Happy Gardening!  
And Happy Almost Autumn.  The internet says the first day is Monday 9/23.  

Saturday, August 10, 2019

Sweet Groundcover

I've been in the Los Angeles Geranium Society for about 20 years so you know I love Geraniums and Pelargoniums. 

Here is a species Geranium unlike most of the fancy hybrids everybody grows. Pelargonium ionidiflorum is a ground cover that blooms most of the year. Say "EYE-oh-NID-i-flor-UM".  Latin is easy.  it grows about 3' wide and only about 3" tall. The magenta pink flowers bloom best in full sun. I have several plants in the ground on the south side of my house in blazing sun all day. Annie's Annuals talks about growing it in a hanging basket.  I think it does better in the ground.  In the spring of this year my plants were almost covered in flowers.   Still it blooms in August as well but maybe not as much.  



The species name ionidiflorum comes from the Greek word, ion, which means 'violet color', and the Latin word florum, meaning 'flower'. And of course it comes from South Africa, from where all the cool plants hail.

You can find this plant at many nurseries. Buy one, grow it for awhile and then divide it to spread it around your garden.

See how small the flowers are with my dirty fingers 

Happy Gardening! 



Saturday, July 6, 2019

Special Tree

If you've been following along, you'll know that in February of 2018 we had to have our probably-as-old-as-our-house Cedar tree removed because it kept getting browner and browner. We were heartbroken to lose that tree. Read my 2018 post here Lost Tree.  But I think that a true gardener will mourn the loss of a plant and then start planning what plant could go in its place.

BEFORE we lost the Cedar tree I was exploring my local under the power lines nursery that shall remain nameless. I was poking around and found a couple 15 gallon trees hidden between some Magnolia soulangeana. I thought it was Michelia champaca. I was excited but had to ask. The employee there who knows me asked his boss and confirmed. I had seen this tree available in another nursery for $250 or tiny trees mailordered for $40. They are desirable because from their fragrant flowers Joy perfume is made. Back at my local nursery I asked to be able to buy one tree. They said no, that they were growing them up for larger containers. I begged and the boss relented and sold me one for $85.00. I brought it home and kept it in its pot in the backyard for 6 months.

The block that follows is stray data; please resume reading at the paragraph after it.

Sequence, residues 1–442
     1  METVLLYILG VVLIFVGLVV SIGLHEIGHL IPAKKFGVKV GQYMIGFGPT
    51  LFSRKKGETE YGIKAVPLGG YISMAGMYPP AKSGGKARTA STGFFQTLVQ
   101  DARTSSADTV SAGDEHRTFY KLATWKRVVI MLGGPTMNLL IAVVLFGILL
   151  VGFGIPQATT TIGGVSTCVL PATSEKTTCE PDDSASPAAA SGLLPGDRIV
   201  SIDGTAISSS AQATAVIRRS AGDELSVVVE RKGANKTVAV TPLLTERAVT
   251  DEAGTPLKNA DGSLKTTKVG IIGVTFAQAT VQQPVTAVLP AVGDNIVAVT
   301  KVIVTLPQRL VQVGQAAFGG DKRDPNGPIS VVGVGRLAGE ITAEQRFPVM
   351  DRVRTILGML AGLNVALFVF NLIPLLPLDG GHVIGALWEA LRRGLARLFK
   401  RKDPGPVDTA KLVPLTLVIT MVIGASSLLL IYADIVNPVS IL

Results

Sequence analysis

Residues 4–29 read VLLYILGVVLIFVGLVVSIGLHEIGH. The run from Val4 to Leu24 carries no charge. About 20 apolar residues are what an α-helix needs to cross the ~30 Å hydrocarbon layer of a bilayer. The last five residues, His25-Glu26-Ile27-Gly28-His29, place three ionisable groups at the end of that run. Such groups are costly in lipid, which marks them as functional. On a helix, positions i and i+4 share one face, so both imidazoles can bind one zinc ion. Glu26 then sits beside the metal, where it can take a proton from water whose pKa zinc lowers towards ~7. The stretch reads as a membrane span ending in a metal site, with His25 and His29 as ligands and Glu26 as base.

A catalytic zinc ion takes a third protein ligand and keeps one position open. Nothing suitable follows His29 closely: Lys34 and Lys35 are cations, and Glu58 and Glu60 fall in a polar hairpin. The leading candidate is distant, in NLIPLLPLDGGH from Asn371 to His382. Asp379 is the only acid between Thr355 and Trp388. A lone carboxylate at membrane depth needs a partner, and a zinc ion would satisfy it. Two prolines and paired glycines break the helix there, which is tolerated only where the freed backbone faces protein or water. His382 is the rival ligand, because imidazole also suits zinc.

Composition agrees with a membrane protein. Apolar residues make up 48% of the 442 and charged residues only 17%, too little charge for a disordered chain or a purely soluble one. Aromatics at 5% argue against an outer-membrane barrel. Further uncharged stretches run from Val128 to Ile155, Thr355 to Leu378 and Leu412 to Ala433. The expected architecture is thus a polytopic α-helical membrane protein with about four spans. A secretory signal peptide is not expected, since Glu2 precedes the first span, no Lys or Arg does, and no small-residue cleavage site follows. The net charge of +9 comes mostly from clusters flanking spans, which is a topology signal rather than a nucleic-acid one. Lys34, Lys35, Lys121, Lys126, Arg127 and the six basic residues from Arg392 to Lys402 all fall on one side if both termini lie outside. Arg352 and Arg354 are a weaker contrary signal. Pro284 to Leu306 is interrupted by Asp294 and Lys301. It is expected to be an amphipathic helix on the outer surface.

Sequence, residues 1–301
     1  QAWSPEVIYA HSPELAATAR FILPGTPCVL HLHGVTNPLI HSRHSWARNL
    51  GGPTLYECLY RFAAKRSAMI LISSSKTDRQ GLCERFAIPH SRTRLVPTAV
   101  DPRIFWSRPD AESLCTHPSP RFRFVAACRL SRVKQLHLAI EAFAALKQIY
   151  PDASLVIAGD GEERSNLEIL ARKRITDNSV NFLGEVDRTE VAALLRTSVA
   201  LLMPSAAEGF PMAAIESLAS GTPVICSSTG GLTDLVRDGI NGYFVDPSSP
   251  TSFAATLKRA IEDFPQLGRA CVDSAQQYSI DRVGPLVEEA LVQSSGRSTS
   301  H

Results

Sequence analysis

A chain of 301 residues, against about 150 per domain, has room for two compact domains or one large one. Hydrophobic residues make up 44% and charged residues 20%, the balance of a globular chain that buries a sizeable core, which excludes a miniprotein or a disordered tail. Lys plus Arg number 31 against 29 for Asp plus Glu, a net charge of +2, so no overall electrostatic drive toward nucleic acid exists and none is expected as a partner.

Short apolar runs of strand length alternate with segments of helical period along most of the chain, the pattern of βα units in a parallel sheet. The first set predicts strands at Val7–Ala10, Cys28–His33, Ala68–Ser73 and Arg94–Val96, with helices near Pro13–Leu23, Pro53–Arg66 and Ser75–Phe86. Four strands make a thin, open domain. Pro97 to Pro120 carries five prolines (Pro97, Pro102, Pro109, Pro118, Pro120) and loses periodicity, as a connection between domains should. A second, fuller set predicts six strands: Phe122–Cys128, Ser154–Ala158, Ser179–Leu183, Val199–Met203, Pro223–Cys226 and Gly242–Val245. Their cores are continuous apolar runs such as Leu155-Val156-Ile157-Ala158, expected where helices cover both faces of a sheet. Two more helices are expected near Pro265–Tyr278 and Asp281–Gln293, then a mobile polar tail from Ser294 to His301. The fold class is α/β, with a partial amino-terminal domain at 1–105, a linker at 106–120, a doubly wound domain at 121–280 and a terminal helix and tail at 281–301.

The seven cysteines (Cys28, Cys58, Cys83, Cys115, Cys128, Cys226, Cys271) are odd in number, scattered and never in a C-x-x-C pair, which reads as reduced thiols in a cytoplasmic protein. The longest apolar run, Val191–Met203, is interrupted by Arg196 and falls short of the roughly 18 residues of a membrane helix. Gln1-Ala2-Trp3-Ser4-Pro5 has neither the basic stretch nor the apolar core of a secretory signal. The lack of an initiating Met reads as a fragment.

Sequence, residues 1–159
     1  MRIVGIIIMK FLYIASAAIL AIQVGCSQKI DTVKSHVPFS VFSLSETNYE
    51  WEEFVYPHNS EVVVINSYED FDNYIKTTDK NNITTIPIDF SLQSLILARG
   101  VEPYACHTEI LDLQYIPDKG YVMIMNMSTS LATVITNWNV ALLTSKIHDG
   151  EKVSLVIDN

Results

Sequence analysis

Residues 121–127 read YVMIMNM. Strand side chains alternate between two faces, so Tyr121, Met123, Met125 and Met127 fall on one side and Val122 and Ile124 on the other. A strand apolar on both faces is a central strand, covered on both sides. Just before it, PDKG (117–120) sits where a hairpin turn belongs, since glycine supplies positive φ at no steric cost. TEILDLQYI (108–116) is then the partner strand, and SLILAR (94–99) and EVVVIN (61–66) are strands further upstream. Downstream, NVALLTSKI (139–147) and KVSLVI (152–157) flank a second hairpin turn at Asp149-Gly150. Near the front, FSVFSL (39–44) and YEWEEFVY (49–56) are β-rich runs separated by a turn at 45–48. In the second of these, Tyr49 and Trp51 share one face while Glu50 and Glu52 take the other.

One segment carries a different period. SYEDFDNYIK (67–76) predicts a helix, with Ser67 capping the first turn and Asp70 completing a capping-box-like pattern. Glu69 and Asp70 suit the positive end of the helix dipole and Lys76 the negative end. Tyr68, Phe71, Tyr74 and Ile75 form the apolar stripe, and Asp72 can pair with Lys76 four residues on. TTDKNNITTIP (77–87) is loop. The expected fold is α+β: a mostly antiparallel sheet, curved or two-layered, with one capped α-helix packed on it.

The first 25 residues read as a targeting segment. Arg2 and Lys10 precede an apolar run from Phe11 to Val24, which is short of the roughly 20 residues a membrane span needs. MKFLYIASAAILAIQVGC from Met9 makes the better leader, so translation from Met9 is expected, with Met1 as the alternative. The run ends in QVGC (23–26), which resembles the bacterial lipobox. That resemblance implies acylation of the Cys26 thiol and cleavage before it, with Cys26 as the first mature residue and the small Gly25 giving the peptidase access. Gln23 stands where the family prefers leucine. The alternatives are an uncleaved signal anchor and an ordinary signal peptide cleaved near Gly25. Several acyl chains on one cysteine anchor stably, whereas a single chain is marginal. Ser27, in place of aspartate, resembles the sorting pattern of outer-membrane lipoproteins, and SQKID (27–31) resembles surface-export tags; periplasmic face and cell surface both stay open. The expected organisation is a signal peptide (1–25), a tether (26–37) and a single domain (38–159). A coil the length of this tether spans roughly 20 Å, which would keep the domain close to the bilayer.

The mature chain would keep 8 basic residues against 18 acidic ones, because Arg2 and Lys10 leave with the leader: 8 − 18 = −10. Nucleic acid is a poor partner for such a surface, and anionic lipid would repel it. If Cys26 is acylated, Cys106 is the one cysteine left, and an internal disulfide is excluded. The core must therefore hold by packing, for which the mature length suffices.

So, this is the tree that I planted in our front yard where our Cedar tree was. Michelia champaca is related to the Magnolia. It grows only in warm climates and is native to tropical Asia. There are some of the white version at my beloved Disneyland's Haunted Mansion in Anaheim. And actually the people who name plants recently changed the name from Michelia champaca to Magnolia champaca.  They must have decided they were more than just related.  But I hate it when they change names.  

  

Research says that the tree should grow to about 30' tall and blooms in summer. I've been giving it extra water after that blowtorch weather of 114 we had last year on July 6, 2018. That weather fried some of the top growth. It recovered so I was excited to see its first flower this week. Yay!

































Enjoy your summer.  I just try to stay cool, keep from getting heatstroke and keep my garden watered.  Bring on Autumn! 
Happy Gardening!

Thursday, June 20, 2019

Snow On The Mountain


Here is a super easy plant that is hard to find. Snow On The Mountain or Euphorbia marginata. One doesn't see it that often and never in nurseries. I hunted for several years after seeing it in a clients garden without luck. I finally found seed and mail ordered it from Baker Creek Seeds. But they don't seem to have it now.  


Like the Pointsettia which is closely related, the flower is the tiny white part not the colorful part. The white and green are actually leaves. I love this plant for contrast and the illusion of light in the garden.


It's an annual that likes warm weather and is native to temperate North America. Set out seeds in Spring, water and stand back. There's nothing to it really. I even had some reseed from last year. They grow to 2-3' tall and like full sun to part shade.



You should try them! Happy Summer Solstice and Happy Gardening!

Wednesday, June 19, 2019

Tithonia


Here is a wonderful plant that I love. It's Tithonia rotundifolia or Mexican Sunflower. This one came up by itself in my vegetable bed from last years plant. I grow it from seed, available at nurseries by Botanical Interests. The flower is about 3" across and attracts butterflies. 



This one came up by itself in my vegetable bed from last years plant. They like heat and sun and grow 2-3 feet tall. 


And they make good cut flowers. 


 The plants will last until frost with a little deadheading. I just bought a packet to sow more in the front yard. Do you grow it? I've only ever seen it in ONE friend's garden.

Happy Gardening!